The News Courier in Athens, Alabama

State and Nation

June 19, 2013

Japan formally OKs new nuke safety requirements

— TOKYO (AP) — Japan's nuclear watchdog formally approved a set of new safety requirements for atomic power plants Wednesday, paving the way for the reopening of facilities shut down since the Fukushima disaster.

The new requirements approved by the Nuclear Regulation Authority will take effect on July 8, when operators will be able to apply for inspections. If plants pass inspection, a process expected to take several months, they can reopen later this year or early next year.

All but two of Japan's 50 reactors have been offline since the March 2011 earthquake and tsunami triggered multiple meltdowns and massive radiation leaks at the Fukushima Dai-ichi nuclear power plant, about 250 kilometers (160 miles) northeast of Tokyo. The plant, which barely runs on a precarious cooling system, has struggled with swelling contaminated water leaking out of broken reactors and other mishaps related to its makeshift operations.

Wednesday's decision setting the launch date for the new requirement comes nearly two weeks ahead of the legal deadline, prompting critics to suspect industrial and political pressure so that utilities can start the procedure for restart as soon as possible.

Many utilities have complained about soaring fuel costs to run conventional thermal power plants to make up for the shortfalls by idle nuclear plants.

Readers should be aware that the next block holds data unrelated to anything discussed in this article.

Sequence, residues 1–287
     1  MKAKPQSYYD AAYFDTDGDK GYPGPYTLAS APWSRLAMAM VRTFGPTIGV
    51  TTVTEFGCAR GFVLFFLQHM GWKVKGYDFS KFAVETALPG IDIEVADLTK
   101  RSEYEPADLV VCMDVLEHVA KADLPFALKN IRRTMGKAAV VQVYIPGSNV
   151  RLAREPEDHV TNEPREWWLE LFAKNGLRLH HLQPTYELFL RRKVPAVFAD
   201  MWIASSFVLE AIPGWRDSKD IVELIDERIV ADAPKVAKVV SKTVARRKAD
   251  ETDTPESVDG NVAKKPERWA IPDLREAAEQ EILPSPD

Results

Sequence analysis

The critics also say the new requirements still have loopholes that make things easier for operators, including a five-year grace period on installing some mandated new equipment.

However, watchdog officials denied any outside influence.

The new requirements for the first time make compulsory that plants take steps to guard against radiation leaks in the case of severe accidents such as a core melt, install emergency command centers and enact anti-terrorist measures. Operators are also required to upgrade their protection against tsunamis and earthquakes.

Safety was previously left up to the operators, relying on their self-interest in their own investments to be incentive for implementing adequate measures. Fukushima Dai-ichi operator Tokyo Electric Power Co. came under harsh criticism for underestimating the tsunami risk and building a seawall that was less than half the height of one that hit the plant two years ago.

Text Only
State and Nation
Poll

What is your favorite Easter candy?

Chocolate bunnies
Marshmallow chicks
Chocolate eggs with filling
     View Results
Facebook
AP Video
Raw: More Than 100,000 Gather for Easter Sunday Raw: Greeks Celebrate Easter With "Rocket War" Police Question Captain, Crew on Ferry Disaster Raw: Orthodox Christians Observe Easter Rite Ceremony Marks 19th Anniversary of OKC Bombing Raw: Four French Journalists Freed From Syria Raw: Massive 7.2 Earthquake Rocks Mexico Captain of Sunken SKorean Ferry Arrested Raw: Fire Destroys 3 N.J. Beachfront Homes Raw: Pope Presides Over Good Friday Mass Raw: Space X Launches to Space Station Superheroes Descend on Capitol Mall Man Charged in Kansas City Highway Shootings Obama Awards Navy Football Trophy Anti-semitic Leaflets Posted in Eastern Ukraine Raw: Magnitude-7.2 Earthquake Shakes Mexico City Ceremony at MIT Remembers One of Boston's Finest Raw: Students Hurt in Colo. School Bus Crash Deadly Avalanche Sweeps Slopes of Mount Everest
Twitter Updates
Hyperlocal Search
Premier Guide
Find a business

Walking Fingers
Maps, Menus, Store hours, Coupons, and more...
Premier Guide
Stocks
Parade
Magazine

Click HERE to read all your Parade favorites including Hollywood Wire, Celebrity interviews and photo galleries, Food recipes and cooking tips, Games and lots more.
Business Marquee